You’ll Have to Wait Out the New Tax Deduction Limits

BY STEVE DINNEN

For all of you who ended up losers by way of the new tax bill, take heed: It’s not forever. Corporate tax rates were changed forever. Personal tax deductions and changes not so—they are temporary and expire at the end of 2025.

This means, for example, that the $10,000 deduction limit on itemized returns pulled from SALT—state and local income taxes—will lapse at that time, and starting in 2026 the cap goes away. Ditto for changes to the alternative minimum tax calculation and lifting of estate tax exemptions.

In some cases, there are a few twists to your approach to taxes. Take mortgage interest deductions, for instance. The old limit was that $1 million of mortgage interest was deductible. Now, it is $750,000. But lawmakers pegged the start date at Dec. 15, 2017, unlike other changes that did not take effect until this tax year, starting Jan. 1.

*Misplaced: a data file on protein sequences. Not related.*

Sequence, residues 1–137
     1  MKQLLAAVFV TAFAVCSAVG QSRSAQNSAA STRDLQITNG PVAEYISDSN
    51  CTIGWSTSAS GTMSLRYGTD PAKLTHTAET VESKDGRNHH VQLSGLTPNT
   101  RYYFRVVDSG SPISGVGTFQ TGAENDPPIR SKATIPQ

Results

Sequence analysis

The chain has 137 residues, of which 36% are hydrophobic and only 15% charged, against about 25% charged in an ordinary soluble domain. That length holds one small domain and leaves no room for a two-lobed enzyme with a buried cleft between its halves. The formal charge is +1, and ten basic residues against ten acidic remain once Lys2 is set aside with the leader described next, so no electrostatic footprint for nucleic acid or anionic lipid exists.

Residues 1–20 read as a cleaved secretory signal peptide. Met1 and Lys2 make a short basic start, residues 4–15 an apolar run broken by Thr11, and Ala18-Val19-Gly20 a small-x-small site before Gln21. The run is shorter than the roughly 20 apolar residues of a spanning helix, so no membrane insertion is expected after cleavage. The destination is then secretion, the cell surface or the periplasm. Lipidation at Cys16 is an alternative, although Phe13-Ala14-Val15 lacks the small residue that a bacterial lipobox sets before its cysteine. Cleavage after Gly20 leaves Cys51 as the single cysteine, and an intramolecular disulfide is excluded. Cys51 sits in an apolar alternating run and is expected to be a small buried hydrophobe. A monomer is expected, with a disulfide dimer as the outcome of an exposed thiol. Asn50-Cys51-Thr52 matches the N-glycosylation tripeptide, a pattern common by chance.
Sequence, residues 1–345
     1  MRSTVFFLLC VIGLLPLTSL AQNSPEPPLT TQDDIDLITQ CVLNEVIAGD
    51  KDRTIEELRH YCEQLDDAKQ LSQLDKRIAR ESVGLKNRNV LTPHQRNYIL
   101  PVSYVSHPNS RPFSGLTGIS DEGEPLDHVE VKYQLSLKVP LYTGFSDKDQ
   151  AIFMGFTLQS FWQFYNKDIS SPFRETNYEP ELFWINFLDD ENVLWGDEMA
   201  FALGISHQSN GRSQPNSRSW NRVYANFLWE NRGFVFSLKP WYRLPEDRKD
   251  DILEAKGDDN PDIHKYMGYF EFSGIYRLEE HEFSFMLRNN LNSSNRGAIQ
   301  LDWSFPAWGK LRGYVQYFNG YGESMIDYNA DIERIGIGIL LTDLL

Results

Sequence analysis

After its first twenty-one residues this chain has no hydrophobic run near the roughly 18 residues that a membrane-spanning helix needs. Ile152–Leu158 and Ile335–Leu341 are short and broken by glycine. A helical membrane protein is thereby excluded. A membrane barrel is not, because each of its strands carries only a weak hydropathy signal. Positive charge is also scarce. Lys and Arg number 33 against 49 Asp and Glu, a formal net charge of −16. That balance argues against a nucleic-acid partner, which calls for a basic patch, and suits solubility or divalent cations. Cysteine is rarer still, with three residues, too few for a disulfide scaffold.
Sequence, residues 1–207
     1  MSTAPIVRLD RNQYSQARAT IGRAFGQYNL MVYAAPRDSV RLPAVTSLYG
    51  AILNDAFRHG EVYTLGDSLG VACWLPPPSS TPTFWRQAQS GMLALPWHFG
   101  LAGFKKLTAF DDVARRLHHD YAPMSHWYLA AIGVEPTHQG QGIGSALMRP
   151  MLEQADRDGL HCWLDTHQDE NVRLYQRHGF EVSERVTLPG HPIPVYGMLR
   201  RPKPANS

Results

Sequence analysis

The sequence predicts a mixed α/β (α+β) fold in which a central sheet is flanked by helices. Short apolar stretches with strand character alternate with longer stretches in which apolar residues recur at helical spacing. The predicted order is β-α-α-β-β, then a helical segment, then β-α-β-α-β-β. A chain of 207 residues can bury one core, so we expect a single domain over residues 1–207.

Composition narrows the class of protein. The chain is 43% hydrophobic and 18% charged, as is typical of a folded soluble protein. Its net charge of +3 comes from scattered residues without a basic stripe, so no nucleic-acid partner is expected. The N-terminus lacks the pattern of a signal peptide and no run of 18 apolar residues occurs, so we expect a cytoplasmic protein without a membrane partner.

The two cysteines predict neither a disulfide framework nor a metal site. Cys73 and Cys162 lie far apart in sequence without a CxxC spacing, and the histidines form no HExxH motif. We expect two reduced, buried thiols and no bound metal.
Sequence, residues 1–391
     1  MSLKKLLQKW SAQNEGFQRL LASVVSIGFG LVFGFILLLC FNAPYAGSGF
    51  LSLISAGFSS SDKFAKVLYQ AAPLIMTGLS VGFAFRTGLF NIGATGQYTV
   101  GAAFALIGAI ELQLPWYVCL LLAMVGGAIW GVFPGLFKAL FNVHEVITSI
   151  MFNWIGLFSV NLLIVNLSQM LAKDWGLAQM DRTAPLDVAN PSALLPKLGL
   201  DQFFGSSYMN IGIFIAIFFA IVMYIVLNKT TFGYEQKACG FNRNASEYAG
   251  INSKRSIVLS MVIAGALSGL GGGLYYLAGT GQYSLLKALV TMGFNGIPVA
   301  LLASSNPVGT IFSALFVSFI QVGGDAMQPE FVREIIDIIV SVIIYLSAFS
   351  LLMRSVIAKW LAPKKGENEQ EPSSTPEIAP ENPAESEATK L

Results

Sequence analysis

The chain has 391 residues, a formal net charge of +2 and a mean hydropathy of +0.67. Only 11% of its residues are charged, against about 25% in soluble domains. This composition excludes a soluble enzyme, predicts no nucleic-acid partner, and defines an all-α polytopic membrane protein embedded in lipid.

The $1 million interest rate cap was grandfathered in for qualifying mortgages that were taken out anytime before Dec. 15. That applies even if they are refinanced during the “temporary” change period that expires at the end of 2025.

Obviously, you can still acquire a $1 million mortgage. You just can’t deduct interest on any more than $750,000. Once we get to 2026 you can go back to the $1 million limit on the same mortgage. So hang tough.

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